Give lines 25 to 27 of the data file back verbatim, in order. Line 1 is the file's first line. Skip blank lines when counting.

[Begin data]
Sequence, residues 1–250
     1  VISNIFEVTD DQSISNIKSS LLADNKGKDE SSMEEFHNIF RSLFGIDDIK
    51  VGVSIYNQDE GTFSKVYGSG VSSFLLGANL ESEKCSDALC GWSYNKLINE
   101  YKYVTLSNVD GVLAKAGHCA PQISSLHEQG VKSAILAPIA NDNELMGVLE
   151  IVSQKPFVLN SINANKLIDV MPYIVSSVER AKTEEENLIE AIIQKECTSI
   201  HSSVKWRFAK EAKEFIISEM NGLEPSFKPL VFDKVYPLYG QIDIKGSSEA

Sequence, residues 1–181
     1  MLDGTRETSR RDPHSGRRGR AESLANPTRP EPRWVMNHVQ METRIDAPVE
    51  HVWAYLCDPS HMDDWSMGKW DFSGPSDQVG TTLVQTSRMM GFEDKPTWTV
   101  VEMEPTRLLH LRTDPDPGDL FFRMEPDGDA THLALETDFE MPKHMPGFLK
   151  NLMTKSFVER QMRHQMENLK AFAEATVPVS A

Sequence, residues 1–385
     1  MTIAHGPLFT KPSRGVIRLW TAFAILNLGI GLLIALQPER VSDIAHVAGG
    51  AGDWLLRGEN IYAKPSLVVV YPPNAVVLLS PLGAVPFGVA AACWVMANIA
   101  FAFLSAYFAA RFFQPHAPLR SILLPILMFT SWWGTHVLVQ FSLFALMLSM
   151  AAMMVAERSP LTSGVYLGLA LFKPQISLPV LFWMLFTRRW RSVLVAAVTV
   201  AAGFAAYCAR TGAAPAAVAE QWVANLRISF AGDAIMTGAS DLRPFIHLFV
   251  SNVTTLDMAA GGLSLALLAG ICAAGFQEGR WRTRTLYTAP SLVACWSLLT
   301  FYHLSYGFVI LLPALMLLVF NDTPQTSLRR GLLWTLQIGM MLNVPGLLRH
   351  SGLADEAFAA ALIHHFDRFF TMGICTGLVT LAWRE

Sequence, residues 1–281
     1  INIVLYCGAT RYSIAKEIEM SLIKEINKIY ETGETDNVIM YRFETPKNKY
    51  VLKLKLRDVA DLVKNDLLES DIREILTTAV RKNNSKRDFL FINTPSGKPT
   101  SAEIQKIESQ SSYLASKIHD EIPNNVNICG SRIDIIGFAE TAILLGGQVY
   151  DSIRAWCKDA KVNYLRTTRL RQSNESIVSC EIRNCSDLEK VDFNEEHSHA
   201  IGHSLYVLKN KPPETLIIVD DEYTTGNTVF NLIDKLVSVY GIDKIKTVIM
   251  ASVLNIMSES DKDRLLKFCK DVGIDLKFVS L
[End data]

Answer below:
   151  DSIRAWCKDA KVNYLRTTRL RQSNESIVSC EIRNCSDLEK VDFNEEHSHA
   201  IGHSLYVLKN KPPETLIIVD DEYTTGNTVF NLIDKLVSVY GIDKIKTVIM
   251  ASVLNIMSES DKDRLLKFCK DVGIDLKFVS L